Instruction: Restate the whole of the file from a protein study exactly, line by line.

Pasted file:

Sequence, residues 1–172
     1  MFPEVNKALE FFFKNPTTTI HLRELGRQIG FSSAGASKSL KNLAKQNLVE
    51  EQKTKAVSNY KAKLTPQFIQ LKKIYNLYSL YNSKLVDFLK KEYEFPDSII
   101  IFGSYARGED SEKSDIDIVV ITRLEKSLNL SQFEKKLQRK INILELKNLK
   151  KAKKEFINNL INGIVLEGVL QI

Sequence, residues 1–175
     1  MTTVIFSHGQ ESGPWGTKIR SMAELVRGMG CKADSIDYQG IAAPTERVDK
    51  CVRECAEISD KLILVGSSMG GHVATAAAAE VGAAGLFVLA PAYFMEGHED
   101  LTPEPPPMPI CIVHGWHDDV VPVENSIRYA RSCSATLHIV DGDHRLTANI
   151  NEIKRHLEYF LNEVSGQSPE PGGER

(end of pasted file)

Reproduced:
Sequence, residues 1–172
     1  MFPEVNKALE FFFKNPTTTI HLRELGRQIG FSSAGASKSL KNLAKQNLVE
    51  EQKTKAVSNY KAKLTPQFIQ LKKIYNLYSL YNSKLVDFLK KEYEFPDSII
   101  IFGSYARGED SEKSDIDIVV ITRLEKSLNL SQFEKKLQRK INILELKNLK
   151  KAKKEFINNL INGIVLEGVL QI

Sequence, residues 1–175
     1  MTTVIFSHGQ ESGPWGTKIR SMAELVRGMG CKADSIDYQG IAAPTERVDK
    51  CVRECAEISD KLILVGSSMG GHVATAAAAE VGAAGLFVLA PAYFMEGHED
   101  LTPEPPPMPI CIVHGWHDDV VPVENSIRYA RSCSATLHIV DGDHRLTANI
   151  NEIKRHLEYF LNEVSGQSPE PGGER